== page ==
Investor sentiment can stay depressed for a long period like 2008 – 2009, so the current market malaise may get worse before it gets better. The Financial Times recently reported that Saudi Arabia has withdrawn tens of billions of dollars from asset managers as it looks to cut a widening budget deficit attributable to low oil prices. Norway, with the world’s largest investment portfolio or sovereign wealth fund, may not be far behind. The cascading effects from the rapid decline in commodity prices are having an impact on global capital markets.
Banks experience historic high capital levels, but earnings don’t follow
Now that the Great Recession is behind them, financial institutions are experiencing historic capital levels and some of the lowest interest rates in a generation. Tim Malecha, CliftonLarsonAllen principal serving financial institutions, wonders if the lessons of the recession will have a lasting impact on the industry.
“Financial institutions are probably in the strongest capital position they have been in my lifetime,” says Malecha. He cites higher capital requirements since the recession as one reason. Community banks have also had some good years recently, with some of those earnings retained as capital. An upswing in M&A activity can be attributed to higher-than-usual capital reserves, Malecha says.
But more capital hasn’t necessarily translated to higher earnings. While institutions may have more capital than they’ve ever had, earnings haven’t followed suit. Malecha says he believes this imbalance is caused by three factors:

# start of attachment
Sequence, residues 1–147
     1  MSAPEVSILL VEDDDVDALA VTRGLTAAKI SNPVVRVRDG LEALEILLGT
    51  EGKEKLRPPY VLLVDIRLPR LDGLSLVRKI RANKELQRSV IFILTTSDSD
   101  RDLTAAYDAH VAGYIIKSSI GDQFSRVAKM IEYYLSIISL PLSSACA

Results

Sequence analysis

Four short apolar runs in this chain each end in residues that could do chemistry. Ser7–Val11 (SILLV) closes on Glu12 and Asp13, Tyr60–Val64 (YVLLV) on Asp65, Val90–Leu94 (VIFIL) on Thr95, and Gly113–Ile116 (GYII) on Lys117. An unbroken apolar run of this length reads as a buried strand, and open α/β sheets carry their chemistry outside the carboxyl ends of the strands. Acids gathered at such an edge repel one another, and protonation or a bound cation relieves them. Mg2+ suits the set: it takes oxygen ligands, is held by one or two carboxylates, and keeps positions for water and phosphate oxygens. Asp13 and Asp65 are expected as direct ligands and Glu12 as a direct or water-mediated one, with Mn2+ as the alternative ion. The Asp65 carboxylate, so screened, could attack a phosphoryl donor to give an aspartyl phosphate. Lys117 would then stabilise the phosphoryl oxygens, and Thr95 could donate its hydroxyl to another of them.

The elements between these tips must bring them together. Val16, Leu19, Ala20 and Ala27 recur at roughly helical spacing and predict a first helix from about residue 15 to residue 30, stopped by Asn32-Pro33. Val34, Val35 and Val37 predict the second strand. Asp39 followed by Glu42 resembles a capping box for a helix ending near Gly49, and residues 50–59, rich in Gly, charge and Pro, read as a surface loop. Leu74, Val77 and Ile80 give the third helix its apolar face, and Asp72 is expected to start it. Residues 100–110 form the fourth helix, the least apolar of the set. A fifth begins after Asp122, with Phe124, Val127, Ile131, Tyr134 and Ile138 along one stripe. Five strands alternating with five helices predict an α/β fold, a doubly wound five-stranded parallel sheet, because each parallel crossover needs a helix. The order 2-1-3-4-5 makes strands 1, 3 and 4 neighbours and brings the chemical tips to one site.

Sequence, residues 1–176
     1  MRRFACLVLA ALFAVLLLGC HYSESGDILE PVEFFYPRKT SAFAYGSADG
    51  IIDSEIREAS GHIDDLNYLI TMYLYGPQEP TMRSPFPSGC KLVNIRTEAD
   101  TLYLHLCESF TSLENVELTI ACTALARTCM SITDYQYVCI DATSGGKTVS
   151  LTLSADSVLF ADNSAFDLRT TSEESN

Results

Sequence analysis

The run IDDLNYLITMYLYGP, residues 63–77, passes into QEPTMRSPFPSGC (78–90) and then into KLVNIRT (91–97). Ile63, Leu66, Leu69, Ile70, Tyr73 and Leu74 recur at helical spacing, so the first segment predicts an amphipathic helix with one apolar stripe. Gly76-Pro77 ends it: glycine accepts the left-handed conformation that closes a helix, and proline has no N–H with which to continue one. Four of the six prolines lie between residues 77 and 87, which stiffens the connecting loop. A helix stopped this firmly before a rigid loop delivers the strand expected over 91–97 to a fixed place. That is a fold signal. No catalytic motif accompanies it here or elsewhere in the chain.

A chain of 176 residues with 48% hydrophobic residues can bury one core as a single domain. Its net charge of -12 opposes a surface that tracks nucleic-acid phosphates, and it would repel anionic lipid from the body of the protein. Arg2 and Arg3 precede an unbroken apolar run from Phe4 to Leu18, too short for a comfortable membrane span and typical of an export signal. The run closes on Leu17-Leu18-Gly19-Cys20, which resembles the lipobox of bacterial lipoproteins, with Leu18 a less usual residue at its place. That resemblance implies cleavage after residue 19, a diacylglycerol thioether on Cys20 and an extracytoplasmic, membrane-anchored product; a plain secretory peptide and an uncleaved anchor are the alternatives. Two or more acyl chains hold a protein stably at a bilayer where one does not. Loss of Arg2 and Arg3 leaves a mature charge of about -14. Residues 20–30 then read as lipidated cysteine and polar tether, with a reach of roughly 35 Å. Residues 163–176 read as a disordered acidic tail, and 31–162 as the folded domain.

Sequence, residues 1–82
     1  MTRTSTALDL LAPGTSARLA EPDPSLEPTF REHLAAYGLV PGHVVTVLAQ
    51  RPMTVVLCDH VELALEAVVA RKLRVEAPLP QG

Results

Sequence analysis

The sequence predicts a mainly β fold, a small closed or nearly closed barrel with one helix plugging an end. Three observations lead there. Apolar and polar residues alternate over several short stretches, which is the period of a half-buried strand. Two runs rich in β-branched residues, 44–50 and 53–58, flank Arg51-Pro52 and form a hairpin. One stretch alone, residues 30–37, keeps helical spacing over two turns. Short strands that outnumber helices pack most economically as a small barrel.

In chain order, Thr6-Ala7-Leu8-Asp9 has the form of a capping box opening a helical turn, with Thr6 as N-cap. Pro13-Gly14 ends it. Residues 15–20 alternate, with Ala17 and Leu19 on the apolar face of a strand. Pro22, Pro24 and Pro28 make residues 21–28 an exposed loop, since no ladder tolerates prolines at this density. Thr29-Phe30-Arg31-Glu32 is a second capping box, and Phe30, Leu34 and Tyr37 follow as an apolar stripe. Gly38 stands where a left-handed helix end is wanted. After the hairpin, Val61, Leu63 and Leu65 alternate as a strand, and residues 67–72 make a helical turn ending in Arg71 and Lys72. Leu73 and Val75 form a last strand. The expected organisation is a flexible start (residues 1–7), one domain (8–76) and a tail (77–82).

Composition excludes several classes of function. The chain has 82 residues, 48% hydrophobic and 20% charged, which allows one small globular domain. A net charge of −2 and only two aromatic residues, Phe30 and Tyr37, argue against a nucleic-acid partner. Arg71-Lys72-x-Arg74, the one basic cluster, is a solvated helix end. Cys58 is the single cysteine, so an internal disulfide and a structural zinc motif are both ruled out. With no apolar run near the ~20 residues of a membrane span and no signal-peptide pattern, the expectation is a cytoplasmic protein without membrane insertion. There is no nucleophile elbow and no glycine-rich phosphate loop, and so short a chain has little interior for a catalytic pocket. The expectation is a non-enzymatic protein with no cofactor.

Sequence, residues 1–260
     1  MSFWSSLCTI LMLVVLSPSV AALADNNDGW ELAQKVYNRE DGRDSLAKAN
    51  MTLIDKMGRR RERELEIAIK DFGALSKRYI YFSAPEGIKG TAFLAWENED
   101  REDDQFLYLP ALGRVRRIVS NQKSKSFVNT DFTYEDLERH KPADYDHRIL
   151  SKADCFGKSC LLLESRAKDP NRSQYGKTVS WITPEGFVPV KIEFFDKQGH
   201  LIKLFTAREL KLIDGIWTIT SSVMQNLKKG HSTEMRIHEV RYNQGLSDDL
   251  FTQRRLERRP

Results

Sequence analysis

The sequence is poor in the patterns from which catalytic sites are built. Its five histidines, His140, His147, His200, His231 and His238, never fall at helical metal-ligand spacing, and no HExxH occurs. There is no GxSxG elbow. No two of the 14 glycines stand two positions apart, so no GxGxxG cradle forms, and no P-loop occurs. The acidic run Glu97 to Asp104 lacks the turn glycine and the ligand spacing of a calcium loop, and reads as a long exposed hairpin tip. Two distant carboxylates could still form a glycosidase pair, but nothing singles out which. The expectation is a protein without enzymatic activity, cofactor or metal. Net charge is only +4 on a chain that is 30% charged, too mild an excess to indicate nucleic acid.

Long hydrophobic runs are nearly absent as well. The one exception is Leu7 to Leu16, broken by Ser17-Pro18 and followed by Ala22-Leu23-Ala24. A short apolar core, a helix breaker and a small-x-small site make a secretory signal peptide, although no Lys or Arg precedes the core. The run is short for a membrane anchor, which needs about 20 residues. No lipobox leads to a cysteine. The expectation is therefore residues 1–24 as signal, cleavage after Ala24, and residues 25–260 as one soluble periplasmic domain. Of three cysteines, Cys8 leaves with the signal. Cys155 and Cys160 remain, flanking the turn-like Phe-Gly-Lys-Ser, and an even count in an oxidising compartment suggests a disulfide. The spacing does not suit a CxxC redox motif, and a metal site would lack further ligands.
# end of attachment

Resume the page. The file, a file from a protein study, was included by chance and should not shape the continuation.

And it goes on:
- The cost of complying with stricter regulations
- The lowest interest rates in a generation
- Low loan demand
Most traditional banks make the vast majority of their earnings on the “spread” between their cost of funds (typically deposits) and return on funds (lending). With interest rates so low, the spread has become compressed and this has a dampening impact on earnings. Low rates are a boon for borrowers but punitive on depositors.
Due to a lack of robust loan demand, institutions have more liquidity on their balance sheets. These liquid assets are typically moved to their investment portfolio, which is very low-yielding due to interest rates. Malecha says a gradual increase in interest rates — which may now be on the horizon — would be welcomed by most financial institutions.
M&A activity among financial institutions is picking up, although Malecha says sellers are not getting the prices of 10 to 15 years ago. A decade ago it was common to see multiples of two or three times book value; now 1.5 to 1.75 times book value is more prevalent.